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Chris Dingman: Waking Dreams (2011)

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Chris Dingman: Waking Dreams How we rate: our writers tend to review music they like within their preferred genres.

Many jazz releases suffer from the same old "song and dance" syndrome—a couple of obligatory ballads (song narrative) sprinkled between numbers of up-tempo (dance) tracks. This repeated programming can get old very fast. But this is not the case with Waking Dreams , the long overdue and brilliant debut by vibraphonist Chris Dingman.

Emerging as a stylist with a pliable touch and warm presence, Dingman carries the deep tradition of patriarchs (Milt Jackson
Milt Jackson
Milt Jackson
1923 - 1999
vibraphone
) and vibrant contemporaries (Stefon Harris
Stefon Harris
Stefon Harris
b.1973
vibraphone
). He is cut from the same mold as the prodigious peers who contribute to the recording—saxophonist Steve Lehman
Steve Lehman
Steve Lehman

sax, alto
and trumpeter Ambrose Akinmusire
Ambrose Akinmusire
Ambrose Akinmusire
b.1982
trumpet
among others—young thinkers who have expressed their own visions of modern jazz. With verdant ideas taken literally from the vibraphonist's REM sleep, the atmospheric set is beautifully rendered and thoroughly accessible.

The music reflects the vibraphonist's tonality—graceful, calculating, and inquisitive. A theme runs through the program as interpreted by a group of rising stars. The onset is cerebral in "Vijayanagara," as Akinmusire and alto saxophonist Loren Stillman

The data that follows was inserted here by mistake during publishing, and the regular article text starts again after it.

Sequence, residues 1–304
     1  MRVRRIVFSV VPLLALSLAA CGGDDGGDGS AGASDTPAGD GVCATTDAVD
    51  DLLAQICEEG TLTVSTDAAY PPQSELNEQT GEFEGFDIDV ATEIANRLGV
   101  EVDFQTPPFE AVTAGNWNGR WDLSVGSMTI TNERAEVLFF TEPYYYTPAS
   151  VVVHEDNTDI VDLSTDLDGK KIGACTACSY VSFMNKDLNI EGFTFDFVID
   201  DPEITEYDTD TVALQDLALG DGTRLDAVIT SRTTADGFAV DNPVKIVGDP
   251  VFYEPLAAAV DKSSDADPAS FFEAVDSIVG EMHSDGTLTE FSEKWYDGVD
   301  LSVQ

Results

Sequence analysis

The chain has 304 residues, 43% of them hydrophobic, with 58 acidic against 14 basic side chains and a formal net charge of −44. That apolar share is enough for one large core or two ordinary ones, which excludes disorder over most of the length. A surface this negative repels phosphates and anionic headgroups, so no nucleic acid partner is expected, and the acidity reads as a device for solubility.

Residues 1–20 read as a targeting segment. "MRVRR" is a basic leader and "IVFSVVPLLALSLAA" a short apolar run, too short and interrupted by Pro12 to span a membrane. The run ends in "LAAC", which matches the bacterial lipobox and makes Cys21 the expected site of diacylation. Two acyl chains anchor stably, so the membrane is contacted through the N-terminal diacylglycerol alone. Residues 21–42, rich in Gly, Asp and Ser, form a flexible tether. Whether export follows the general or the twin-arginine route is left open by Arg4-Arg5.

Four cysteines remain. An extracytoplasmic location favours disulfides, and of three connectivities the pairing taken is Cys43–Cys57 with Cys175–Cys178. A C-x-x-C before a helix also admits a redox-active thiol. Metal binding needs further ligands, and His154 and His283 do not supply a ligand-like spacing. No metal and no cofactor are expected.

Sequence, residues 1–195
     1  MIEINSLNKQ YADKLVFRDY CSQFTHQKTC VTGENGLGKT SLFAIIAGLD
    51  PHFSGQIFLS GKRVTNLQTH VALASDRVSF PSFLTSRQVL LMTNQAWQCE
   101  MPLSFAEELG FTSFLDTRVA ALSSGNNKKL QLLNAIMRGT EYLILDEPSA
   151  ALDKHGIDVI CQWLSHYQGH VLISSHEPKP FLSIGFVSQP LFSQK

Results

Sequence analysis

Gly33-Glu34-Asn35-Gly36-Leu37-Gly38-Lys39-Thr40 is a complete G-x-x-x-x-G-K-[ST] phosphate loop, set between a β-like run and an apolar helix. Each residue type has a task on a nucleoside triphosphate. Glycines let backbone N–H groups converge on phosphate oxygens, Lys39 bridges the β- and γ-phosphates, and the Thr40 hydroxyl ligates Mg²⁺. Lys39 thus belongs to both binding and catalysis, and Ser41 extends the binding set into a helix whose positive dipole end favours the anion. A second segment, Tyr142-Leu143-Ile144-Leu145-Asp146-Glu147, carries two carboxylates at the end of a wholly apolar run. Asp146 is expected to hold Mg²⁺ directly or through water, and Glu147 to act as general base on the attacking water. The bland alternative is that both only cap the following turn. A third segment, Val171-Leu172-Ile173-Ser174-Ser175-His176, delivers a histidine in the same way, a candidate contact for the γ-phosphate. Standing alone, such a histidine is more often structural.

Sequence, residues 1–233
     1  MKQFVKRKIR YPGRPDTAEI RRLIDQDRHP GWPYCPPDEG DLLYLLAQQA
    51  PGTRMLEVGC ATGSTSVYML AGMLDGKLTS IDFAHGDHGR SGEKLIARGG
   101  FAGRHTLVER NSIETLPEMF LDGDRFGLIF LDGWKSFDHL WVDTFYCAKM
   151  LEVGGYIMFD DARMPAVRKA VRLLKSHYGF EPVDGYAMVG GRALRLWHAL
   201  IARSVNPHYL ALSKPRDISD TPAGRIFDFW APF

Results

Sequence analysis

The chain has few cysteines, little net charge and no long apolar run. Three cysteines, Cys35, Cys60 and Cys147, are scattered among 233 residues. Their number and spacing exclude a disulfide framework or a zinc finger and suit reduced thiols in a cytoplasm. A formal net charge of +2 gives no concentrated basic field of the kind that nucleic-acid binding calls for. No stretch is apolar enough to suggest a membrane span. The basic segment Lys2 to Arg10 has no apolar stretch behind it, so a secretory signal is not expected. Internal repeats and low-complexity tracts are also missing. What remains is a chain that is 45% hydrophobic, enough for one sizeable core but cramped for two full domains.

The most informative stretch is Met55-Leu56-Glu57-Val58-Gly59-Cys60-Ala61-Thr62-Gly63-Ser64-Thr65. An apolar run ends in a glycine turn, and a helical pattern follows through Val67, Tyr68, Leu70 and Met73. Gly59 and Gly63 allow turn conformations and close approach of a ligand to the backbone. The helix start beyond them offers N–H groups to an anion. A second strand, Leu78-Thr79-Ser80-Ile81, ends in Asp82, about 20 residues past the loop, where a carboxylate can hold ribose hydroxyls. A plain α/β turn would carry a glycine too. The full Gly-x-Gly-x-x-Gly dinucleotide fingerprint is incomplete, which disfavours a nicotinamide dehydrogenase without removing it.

Loren Stillman
Loren Stillman
b.1980
sax, alto
meander peacefully through the fugue-like melody. But the vibe shifts harder with "Jet Lag," one of the release's more groove-oriented pieces, marked by Joe Sanders
Joe Sanders
Joe Sanders
b.1896
bass
's power bass, drummer Justin Brown's tempestuous rhythms, and erratic solo flights, only to end with Dingman's sweeping volume swells.

The tracks are vignettes of imagination. There's sadness and allurement in "Manhattan Bridge," and austere refinement in "Same Coin" colored by strokes of flute and clarinet and a lovely spot by pianist Fabian Almazan
Fabian Almazan
Fabian Almazan
b.1984
piano
. And there's the whirlwind title track, where the musicians maneuvering in and out of its increasing intensity. Dingman is illusive, a master of disguise; his mallets adding delicate shades and hues. But he can also ignite, as in "Clear The Rain," with a solo like wildfire, developing slowly and then spreading quickly.

Akinmusire's presence is also important; he can carry a melody (the aforementioned "Clear The Rain") or add depth and imagery in "Nocturnal," a piece that is as compelling as a cinematic score. Furthermore, these tracks highlight another point—Dingman is a serious composer. Whether it's the arc of "Zaneta"'s swing or the reciting of poetry in the darkly lit "Epilogue: Stillness," his debut is a work of art and form. To bring ideas into fruition—let alone ones from dreams—into music that's articulated at this level, is something to admire.

Track Listing: Prelude; Vijayanagara; Jet Lag; Manhattan Bridge; Indian Hill; Waking Dreams; Interlude; Same Coin; Shift in the Wind; Reflection; Clear the Rain; Nocturnal; Zaneta; Epilogue: Stillness.

Personnel: Ambrose Akinmusire: trumpet; Loren Stillman: saxophones; Fabian Almazan: piano; Joe Sanders: bass; Justin Brown: drums; Chris Dingman: vibraphone; Ryan Ferreira: guitar (3); Erica Von Kleist: flute (2, 8); Mark Small: bass clarinet (8).

Record Label: Between Worlds Music


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